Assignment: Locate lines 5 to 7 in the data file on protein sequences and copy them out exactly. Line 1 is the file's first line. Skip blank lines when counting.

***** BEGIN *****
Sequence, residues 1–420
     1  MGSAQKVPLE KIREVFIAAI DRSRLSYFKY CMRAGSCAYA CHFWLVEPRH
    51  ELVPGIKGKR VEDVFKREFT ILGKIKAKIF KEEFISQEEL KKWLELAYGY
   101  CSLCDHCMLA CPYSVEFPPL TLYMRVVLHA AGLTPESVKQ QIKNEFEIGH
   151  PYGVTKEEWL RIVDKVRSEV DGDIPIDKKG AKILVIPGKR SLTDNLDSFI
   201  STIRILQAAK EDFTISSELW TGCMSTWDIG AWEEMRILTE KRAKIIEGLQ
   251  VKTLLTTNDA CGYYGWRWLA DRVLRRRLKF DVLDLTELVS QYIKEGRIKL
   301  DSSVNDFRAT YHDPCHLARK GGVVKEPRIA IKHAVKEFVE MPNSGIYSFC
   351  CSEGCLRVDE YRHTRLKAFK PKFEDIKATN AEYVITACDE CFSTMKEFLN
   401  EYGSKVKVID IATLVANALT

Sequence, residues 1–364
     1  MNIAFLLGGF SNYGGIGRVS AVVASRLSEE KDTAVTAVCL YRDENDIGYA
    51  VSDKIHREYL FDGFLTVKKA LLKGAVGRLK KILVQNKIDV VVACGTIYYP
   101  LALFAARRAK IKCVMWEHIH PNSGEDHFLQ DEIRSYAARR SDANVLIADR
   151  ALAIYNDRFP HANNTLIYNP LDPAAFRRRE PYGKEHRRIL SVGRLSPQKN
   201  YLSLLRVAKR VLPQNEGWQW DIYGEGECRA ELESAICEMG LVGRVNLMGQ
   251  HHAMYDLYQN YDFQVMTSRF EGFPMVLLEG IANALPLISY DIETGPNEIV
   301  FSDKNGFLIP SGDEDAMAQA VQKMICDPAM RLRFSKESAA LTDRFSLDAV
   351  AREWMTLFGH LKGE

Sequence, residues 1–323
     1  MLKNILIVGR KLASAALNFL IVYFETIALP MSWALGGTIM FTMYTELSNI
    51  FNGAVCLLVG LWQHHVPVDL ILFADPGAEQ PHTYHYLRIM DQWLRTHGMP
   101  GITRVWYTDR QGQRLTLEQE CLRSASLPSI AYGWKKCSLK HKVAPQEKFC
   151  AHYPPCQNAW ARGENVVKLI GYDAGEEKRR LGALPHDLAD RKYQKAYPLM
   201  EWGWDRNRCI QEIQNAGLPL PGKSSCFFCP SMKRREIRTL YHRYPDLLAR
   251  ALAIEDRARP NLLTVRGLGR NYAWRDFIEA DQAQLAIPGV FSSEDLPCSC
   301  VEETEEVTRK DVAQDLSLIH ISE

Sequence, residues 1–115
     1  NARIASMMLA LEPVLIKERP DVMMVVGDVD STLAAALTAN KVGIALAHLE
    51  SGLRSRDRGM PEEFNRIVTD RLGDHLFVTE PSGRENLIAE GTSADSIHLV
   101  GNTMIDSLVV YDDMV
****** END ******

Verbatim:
   151  PYGVTKEEWL RIVDKVRSEV DGDIPIDKKG AKILVIPGKR SLTDNLDSFI
   201  STIRILQAAK EDFTISSELW TGCMSTWDIG AWEEMRILTE KRAKIIEGLQ
   251  VKTLLTTNDA CGYYGWRWLA DRVLRRRLKF DVLDLTELVS QYIKEGRIKL